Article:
What kind of music can we expect from you at Lullaby?
I like to provide a chill lounge atmosphere. After all, I started as a loungecore DJ in the ‘90s when I got to spin at cool cocktail spots around the U.S., London, Paris, Moscow, Barcelona, St. Bart’s, etc. I'm working on mixes featuring AOR/Yacht, Japanese City Pop, Caribbean sounds, Bossa beats, Souldies/Sweet Soul/Latin Soul, Jazz Funk, old-school Hip Hop, and International Disco/Boogie. Other nights may feature more Library beats, EZ Listening, Soft Tempo Lounge, Soundtrack Funk, even Go-Go dancing music. I've got thousands of records and very eclectic tastes. The possibilities are endless. We’ll also have local DJs spinning their own jams.
Where do you like to drink when in New York?
I'm always up for trying the newest spots when I can to them. But deep in my soul I—like my Lullaby partner Jake [Hodas]—am a dive-bar guy. When I first started hanging in New York, my best friend worked in Broadway musicals, so in that area we used to frequent midtown bars and grills like P.J. Clarke’s and McAnn’s and the Times Square Howard Johnson’s. I have a collection of their tulip-shaped cocktail glasses with “Simple Simon and the Pie Man” printed on them. Been a McSorley's fan since the ‘70s. On the other extreme, I started going to Angel’s Share in 1995. So many cool bars of all sorts to hit!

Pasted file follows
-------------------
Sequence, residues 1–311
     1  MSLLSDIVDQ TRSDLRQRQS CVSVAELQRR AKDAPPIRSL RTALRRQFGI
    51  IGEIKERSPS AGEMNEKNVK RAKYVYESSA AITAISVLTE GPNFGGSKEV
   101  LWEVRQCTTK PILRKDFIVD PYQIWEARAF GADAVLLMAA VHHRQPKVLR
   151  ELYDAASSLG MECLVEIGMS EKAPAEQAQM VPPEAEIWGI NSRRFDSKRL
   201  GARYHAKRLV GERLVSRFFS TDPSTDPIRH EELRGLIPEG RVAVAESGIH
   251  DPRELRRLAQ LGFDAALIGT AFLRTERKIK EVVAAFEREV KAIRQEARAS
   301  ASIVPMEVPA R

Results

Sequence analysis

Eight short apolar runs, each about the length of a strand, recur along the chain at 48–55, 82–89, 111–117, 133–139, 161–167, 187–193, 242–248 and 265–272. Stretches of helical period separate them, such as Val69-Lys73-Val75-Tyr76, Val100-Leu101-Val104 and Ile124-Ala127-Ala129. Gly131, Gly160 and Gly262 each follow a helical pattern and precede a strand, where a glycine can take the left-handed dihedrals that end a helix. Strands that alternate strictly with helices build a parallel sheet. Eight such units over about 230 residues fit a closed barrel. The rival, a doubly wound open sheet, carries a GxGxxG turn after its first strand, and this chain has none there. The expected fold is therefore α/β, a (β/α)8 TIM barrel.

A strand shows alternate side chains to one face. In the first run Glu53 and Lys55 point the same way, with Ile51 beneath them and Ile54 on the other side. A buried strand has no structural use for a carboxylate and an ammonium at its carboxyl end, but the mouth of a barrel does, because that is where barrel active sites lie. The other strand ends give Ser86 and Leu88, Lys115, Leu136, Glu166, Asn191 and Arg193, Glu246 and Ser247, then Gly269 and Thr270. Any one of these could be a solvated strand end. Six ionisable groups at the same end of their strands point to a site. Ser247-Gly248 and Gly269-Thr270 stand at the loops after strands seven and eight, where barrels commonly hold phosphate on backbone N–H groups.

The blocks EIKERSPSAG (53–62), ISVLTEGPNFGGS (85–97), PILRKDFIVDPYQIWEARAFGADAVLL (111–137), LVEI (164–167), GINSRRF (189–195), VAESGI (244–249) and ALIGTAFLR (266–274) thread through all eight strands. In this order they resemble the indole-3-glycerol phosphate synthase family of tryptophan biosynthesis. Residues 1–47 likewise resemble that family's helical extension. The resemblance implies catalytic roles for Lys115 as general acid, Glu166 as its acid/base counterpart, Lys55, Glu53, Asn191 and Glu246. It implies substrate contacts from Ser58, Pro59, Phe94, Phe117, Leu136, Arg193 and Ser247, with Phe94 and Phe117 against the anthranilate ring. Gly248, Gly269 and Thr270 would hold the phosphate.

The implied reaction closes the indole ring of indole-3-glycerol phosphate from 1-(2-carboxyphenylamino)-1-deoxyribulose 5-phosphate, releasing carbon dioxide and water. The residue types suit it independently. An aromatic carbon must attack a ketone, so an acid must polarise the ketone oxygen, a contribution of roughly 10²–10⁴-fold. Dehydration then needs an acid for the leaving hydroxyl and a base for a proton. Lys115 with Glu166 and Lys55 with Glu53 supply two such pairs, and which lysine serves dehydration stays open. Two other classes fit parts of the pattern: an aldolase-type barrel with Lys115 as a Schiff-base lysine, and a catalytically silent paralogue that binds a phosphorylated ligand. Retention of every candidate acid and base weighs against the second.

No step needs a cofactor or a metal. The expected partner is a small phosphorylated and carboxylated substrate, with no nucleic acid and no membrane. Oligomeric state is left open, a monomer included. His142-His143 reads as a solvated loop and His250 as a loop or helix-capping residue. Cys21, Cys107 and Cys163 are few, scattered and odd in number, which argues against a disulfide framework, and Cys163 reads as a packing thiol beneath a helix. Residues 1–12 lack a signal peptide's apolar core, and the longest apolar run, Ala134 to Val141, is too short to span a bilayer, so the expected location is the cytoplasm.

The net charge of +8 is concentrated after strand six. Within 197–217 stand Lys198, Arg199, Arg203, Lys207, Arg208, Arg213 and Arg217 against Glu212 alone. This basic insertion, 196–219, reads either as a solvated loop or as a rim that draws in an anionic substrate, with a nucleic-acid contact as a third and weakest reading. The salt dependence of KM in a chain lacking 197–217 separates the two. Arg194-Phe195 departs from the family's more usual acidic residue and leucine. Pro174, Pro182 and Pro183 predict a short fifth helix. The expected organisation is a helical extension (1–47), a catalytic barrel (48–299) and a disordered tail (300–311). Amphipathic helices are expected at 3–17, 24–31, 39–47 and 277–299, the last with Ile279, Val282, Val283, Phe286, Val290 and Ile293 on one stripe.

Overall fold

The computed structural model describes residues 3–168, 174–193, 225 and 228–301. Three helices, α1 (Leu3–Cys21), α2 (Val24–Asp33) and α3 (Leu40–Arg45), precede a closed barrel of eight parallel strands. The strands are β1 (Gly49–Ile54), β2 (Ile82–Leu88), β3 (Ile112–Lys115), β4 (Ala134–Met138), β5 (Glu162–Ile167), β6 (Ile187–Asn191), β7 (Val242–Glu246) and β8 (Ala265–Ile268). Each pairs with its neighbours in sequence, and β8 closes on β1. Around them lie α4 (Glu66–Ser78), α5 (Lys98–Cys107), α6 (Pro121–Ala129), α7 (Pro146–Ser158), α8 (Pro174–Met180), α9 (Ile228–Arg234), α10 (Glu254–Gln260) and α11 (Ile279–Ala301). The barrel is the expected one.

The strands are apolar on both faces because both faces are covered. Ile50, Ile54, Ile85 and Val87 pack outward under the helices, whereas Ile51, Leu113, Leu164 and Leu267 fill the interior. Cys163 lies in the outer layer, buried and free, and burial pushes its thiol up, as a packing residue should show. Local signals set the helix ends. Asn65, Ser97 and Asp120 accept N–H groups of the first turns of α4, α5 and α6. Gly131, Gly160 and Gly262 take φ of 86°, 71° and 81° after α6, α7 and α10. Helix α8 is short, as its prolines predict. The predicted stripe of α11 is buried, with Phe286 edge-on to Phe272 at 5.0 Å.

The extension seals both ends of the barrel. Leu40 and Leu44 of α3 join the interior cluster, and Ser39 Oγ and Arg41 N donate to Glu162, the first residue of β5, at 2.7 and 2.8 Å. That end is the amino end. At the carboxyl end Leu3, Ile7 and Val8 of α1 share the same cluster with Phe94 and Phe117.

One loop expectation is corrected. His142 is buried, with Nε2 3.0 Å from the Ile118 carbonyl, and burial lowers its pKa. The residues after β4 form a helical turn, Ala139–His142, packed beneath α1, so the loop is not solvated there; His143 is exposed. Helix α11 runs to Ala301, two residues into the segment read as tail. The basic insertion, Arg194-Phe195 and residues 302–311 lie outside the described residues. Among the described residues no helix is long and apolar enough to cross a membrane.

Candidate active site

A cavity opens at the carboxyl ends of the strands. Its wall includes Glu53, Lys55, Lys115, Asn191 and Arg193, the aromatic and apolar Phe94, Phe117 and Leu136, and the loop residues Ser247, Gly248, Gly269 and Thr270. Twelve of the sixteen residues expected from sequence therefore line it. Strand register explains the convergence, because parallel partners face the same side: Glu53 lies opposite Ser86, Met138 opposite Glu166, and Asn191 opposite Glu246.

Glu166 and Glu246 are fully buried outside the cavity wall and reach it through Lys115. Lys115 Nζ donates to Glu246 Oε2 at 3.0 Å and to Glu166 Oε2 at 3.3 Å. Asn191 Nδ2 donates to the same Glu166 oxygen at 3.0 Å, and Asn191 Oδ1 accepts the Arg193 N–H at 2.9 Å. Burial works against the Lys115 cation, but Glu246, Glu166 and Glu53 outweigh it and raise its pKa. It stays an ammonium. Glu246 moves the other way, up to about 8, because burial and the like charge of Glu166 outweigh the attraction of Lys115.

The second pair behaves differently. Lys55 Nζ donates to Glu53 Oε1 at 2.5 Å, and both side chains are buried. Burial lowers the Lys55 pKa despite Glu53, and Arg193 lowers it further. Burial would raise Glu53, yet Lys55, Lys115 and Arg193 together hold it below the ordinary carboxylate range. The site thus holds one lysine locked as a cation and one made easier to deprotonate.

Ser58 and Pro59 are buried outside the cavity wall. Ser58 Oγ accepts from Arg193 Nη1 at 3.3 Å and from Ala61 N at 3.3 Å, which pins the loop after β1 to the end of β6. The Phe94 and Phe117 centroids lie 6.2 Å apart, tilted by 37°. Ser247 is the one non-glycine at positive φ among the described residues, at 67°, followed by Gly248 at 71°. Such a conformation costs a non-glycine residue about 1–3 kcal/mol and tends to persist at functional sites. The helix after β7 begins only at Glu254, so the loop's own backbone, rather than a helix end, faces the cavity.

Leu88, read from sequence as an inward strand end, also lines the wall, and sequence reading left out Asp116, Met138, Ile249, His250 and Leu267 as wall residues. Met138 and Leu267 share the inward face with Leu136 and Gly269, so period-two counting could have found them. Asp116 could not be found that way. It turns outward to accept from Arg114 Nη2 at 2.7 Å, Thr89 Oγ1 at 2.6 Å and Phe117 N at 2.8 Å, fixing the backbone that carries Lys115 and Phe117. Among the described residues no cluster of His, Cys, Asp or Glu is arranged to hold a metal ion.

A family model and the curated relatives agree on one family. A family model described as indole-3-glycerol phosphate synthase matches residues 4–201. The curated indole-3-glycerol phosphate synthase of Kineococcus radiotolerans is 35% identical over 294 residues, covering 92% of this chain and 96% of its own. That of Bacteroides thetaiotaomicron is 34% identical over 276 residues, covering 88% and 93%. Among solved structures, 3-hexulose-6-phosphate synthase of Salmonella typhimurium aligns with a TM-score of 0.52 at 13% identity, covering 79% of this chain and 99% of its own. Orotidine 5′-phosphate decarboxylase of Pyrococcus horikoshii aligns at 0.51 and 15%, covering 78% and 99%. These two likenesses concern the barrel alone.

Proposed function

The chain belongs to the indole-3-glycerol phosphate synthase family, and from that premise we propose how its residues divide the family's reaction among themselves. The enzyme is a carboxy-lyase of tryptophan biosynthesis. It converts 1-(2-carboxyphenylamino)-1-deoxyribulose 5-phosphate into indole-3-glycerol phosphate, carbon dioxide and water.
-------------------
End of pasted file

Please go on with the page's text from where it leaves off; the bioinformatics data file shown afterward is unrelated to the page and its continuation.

If you have to choose just one line of work for the rest of your life--music or mixology--what would it be?
Tough question. If I chose mixology, I'd still like to stock the bar jukebox.
I read that you toured with Bryan Ferry once. I've always been a fan of his. Did he drink cocktails? I always assumed he was the cocktail type.
Yes, Combustible Edison toured with him for a few months in the fall of '94. I never saw him drink, but I don't think that means anything. He sipped tea and honey and was always very careful about protecting his voice. Interesting guy, a true "rock star" in the glamorous sense. I always assumed that when he was off-duty he'd favor an ice cold Martini.
What's your favorite drink to make?
Probably the Boulevardier. It's so adaptable, because you can make it with so many different whiskies, vermouths or amari. I love playing around with those.
What do you drink most often at home?
Boulevardier. My wife's favorite drink.
When's the last time you made or drank a Combustible Edison?